Fiona Evans, Director of School Programmes at the National Literacy Trust, discusses our Education Recovery area which supports teachers on their return to school
As we all know, the pandemic and recent school closures have disrupted the learning of children, young people and adults on an unprecedented scale and highlighted inequalities in access to vital literacy and learning support.
This is the second ‘back to school’ moment in the UK since the pandemic hit the UK in March 2020.
What has been the impact on those children and young people?
Unfortunately, predictions around an ever-widening attainment gap between children from low-income backgrounds and their more affluent peers came true.
We recently set up an observatory of research to bring together all the evidence on how the pandemic impacted children and young people in the communities we focus on as a charity. Teachers in these schools offered ongoing care and teaching for vulnerable children on site and also turned their schools into foodbanks and welfare centres and aimed to support the mental and physical health of their families and school community.
Much of the research shows that, during the lockdowns, children who had good access to digital devices, supplies, books and paper and confident and available parents experienced less of a negative impact on their learning during school closures. The pandemic disproportionately affected the learning of many children from low-income homes who often did not have access to these.
To support teachers, we launched an Education Recovery area on our website in May 2021 literacytrust.org.uk/education-recovery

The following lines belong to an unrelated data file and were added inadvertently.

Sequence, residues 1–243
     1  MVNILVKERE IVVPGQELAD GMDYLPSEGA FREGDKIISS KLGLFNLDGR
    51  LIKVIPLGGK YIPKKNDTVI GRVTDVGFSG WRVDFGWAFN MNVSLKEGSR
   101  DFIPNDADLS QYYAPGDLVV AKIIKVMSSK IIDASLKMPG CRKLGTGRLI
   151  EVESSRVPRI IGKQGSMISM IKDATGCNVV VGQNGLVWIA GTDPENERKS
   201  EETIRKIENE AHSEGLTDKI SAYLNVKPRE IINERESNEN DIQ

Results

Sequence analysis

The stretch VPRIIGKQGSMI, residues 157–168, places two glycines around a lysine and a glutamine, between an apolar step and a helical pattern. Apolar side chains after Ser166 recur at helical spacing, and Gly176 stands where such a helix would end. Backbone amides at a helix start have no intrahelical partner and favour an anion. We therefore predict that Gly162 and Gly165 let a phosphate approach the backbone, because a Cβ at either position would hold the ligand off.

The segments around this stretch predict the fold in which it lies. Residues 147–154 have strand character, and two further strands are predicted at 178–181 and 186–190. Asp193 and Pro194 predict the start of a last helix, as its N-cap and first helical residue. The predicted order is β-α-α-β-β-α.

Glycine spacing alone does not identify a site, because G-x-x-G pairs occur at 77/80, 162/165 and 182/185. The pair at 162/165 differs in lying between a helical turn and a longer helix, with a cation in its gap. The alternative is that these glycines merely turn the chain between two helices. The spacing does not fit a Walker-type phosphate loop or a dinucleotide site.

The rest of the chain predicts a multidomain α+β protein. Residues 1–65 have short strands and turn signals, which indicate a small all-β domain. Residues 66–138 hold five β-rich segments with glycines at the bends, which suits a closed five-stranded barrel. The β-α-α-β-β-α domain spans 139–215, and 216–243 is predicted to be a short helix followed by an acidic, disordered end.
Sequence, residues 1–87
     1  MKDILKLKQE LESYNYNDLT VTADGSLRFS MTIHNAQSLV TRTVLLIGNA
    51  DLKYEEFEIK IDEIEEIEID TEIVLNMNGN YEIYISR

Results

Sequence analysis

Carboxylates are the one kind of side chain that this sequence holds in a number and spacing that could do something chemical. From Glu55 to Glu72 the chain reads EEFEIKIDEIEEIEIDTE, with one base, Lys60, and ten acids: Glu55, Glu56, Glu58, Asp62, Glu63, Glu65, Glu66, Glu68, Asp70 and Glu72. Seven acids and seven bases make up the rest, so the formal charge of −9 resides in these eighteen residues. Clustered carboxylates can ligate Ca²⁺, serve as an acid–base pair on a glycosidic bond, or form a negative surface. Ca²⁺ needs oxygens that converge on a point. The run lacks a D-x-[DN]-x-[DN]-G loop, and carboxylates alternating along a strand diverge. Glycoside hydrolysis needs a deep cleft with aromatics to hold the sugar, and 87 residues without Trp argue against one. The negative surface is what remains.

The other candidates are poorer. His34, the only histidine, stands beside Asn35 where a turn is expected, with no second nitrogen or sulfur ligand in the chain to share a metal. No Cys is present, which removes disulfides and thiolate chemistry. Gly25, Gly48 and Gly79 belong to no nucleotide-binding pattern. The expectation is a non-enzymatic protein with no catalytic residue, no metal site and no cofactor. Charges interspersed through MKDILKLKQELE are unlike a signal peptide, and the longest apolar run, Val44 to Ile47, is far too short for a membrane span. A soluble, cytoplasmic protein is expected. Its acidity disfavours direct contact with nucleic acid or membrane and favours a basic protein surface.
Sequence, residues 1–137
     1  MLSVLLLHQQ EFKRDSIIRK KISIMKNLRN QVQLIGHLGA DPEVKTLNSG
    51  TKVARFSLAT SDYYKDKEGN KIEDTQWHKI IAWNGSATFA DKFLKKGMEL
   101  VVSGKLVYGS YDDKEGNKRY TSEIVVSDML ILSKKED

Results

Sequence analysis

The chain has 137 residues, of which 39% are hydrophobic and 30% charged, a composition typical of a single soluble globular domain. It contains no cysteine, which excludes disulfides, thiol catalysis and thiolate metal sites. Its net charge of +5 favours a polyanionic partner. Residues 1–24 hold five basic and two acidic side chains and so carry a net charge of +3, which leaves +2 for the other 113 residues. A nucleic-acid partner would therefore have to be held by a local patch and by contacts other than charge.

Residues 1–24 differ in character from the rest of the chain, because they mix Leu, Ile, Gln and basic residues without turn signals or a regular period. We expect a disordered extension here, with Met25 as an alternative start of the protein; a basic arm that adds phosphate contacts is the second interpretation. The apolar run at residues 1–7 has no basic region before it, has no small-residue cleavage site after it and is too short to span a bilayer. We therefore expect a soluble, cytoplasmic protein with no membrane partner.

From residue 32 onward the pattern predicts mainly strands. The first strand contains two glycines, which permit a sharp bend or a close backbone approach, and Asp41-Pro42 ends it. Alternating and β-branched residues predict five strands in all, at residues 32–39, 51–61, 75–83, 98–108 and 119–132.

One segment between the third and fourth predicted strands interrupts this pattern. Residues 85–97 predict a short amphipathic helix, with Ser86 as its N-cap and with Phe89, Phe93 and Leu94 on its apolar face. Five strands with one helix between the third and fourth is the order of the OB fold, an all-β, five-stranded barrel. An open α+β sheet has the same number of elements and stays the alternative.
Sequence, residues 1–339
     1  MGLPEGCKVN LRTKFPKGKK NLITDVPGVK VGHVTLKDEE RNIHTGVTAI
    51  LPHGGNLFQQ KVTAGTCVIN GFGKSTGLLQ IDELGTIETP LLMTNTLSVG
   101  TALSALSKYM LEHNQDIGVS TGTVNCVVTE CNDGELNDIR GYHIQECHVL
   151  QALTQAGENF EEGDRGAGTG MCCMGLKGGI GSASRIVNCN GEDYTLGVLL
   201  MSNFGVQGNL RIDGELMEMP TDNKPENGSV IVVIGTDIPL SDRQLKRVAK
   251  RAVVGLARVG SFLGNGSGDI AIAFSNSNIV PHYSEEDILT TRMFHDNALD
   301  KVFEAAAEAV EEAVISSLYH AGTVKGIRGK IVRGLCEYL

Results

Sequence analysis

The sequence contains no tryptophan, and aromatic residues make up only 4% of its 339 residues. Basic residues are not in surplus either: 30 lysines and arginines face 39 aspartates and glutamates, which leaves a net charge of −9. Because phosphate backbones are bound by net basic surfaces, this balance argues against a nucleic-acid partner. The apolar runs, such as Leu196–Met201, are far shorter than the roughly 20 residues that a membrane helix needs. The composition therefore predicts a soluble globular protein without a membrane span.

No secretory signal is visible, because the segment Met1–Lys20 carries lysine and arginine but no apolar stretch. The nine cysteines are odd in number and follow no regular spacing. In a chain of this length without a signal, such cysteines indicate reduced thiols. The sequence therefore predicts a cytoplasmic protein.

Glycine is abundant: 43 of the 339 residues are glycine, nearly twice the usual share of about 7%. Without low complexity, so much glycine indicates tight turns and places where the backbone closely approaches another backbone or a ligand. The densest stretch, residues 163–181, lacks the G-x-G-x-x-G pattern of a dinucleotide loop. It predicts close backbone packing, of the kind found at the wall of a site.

Since its launch we have supported over 9,000 teachers with resources, training and programmes. The area provides both free and paid-for training for teachers, targeted literacy interventions and a huge range of programmes and teaching resources to equip teachers with the best strategies and tools for enabling children and young people to build on the literacy skills they have and to move forward from recent challenges. Thanks to generous funding from our partners who recognise the impact of the pandemic on many children and young people’s literacy skills, the majority of our programmes and initiatives are fully funded and free to eligible schools.
We know that teachers want to deliver a holistic, broad and creative recovery curriculum and develop their pupils' confidence and motivation around reading, writing and communication, as well as their skills.
Each academic year we deliver at least 50 different programmes across the country to more than 6,000 schools. Our highly engaging, fully-funded and evaluated programmes motivate children and young people in all aspects of literacy. They bring the power of role models such as celebrities, footballers, authors and influencers into the classroom and provide memorable experiences that inspire pupils to engage with reading and writing. You can find out more about the ones with spaces still available on our Education Recovery area.
Although restrictions have been eased, it is unlikely to be an easy autumn term or an easier academic year. We will soon be adding a teacher wellbeing area to our Education Recovery space and we will continue to provide the best quality resources such as fun reading challenges, book lists, lesson plans and schemes of work to help teachers, librarians and practitioners with planning and teaching.
We know that low literacy levels can hold a person back at every stage of their life, and we are committed to support teachers and educators so that everyone has a fair chance to succeed in life.
Everyone here at the National Literacy Trust would like to wish all school staff good luck for the new academic year!